By Evan Berkowitz | email@example.com
The Alexandria City Council voted unanimously at a public hearing on Saturday to allot further time at Tuesday’s legislative meeting to discuss and vote on the proposed Old Town business improvement district.
After hours of public comment and council debate, Councilman Willie Bailey Sr. moved to defer voting on the BID until fall, which prompted Councilwoman Del Pepper to request docketing time Tuesday so the council could more specifically determine what BID architects would discuss over the summer.
Mayor Allison Silberberg advocated for the council to wait to vote on any action, including deferral to the fall, until after Tuesday’s discussion, leading Bailey to amend his motion to reflect only the newly docketed discussion time.
Vice Mayor Justin Wilson voiced procedural concerns in arguing for a Tuesday vote, but did not seem supportive of a fall deferral.
The ordnance would formally create the tax district and calls for formation of a BID board elected by businesses within its boundaries. That board would decide the BID’s budget and goals, which would then be approved or rejected by council.
Property owners within the district would have paid a to-be-determined tax, also subject to council approval, of no more than 10 cents per $100 of property value to support the district.
The exploratory committee’s plan also included new 11th-hour changes that would mandate an all-district referendum on the BID board’s first submission to council, require the board to include three business owners who are also Old Town residents, make historic preservation a stated goal of the district and emphasize democratic engagement during the initial planning and budget process.
Pro-BID community members argued the district would enable Old Town to compete with D.C.’s southwest waterfront and improve aspects of the neighborhood they say have stagnated.
They pointed to nearby BIDs in places like Crystal City as evidence that such a plan could help Old Town Alexandria become a more vibrant neighborhood.
Anti-BID activists argued the project would disproportionately grant voting power to larger businesses and hurt small businesses’ bottom lines. They claimed the district was engineered to gain money from disparate areas whose interests might not be well-balanced in the board’s actions.
Joe Corey, owner of Faccia Luna pizzeria and Myron Mixon’s Pitmaster Barbeque, emphatically voiced his opposition to the BID’s potential tax burdens.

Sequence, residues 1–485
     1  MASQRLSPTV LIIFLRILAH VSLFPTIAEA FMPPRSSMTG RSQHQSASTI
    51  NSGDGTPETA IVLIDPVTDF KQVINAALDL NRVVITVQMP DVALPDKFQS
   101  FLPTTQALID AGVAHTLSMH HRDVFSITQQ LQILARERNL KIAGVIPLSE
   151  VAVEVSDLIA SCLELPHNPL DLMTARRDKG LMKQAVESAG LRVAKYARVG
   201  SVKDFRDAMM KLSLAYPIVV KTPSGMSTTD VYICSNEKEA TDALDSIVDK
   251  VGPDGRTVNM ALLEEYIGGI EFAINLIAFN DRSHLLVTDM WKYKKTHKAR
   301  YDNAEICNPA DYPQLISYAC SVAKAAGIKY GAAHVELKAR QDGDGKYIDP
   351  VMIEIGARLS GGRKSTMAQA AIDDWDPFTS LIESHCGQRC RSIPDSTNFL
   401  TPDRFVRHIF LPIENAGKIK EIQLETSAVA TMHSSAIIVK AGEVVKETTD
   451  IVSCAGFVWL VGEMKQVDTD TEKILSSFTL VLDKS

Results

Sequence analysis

He called the benefits of the proposed BID “illusionary,” but said the costs are not.
“This is a bad idea gone viral,” he said.
Carol Supplee, owner of Imagine ArtWear, said she recognized opponents’ concerns but argued a ‘yes’ vote would empower further exploration without agreeing to any action.
“No dollars would be committed by a vote today. You are not agreeing to any particular project, you are not taxing any resident,” she told council. “I see very little risk and many possible as-yet unimagined rewards coming from taking this step.”
Silberberg said Saturday she did not support the BID ordnance, citing perceived opposition from businesses.
“We need to listen to the business community, and it seems to me that the business community doesn’t want this,” she said. “I think that this could end up hurting the small businesses that make us so special.”
Councilmen John Chapman and Paul Smedberg, as well as Bailey and Pepper, said they had initially supported the BID project and supported the idea in general, but had reservations about the specific proposal before council.
“I want to see a BID, but I want to see one that works for Old Town,” Chapman said. “There has to be significant buy-in. While we’re up here debating this, … this needs to be the business community’s project for Old Town. They have to feel like this is something that benefits them.”
Wilson said he was wary of deferral in general, saying he recognized opponents’ issues with the BID proposal but called further study “a fool’s errand” without defined parameters.
Throughout the meeting, about 40 residents spoke for and against the BID, with a narrow majority of speakers saying they were against it. Silberberg said the council had received hundreds of emails, the vast majority which were against the ordnance, though Councilman Tim Lovain expressed reservations about her assessment.
Kathy Dalby, CEO of Pacers Running, said the BID was necessary to innovate Old Town.
“The growth of our business is our responsibility, but as a business born in sport, we are natural competitors and prefer to play on offense,” she said. “It is time to play on offense, ladies and gentlemen.”
Robert Ray IV, owner of Cavalier Antiques, disagreed, saying the BID would “erode representative government in Alexandria” by skewing some votes based on property value and not allowing non-business owner residents to elect or sit on the BID board, calling the committee’s latest changes insufficient.
“An ad hoc modification of the bylaws … does not give the BID representative governance,” he said. “Dukes naming peasants as advisors is not the same as citizens voting for who will be duke.”
Smedberg bemoaned the political ire the process has drawn on both sides.
“Everything is about a win,” he said. “Whatever side of the line you’re on, it’s all about just winning.”
Instead, Smedberg argued, Alexandria needs compromise, which he called a win for the city.
“I did think in concept this was a really good idea, and hopefully I thought we’d be celebrating something here,” he said.
He said the all-or-nothing attitude “is just not productive.”
“To me, it’s [about] a lot more than just the BID,” he said. “It’s about, really, our future.”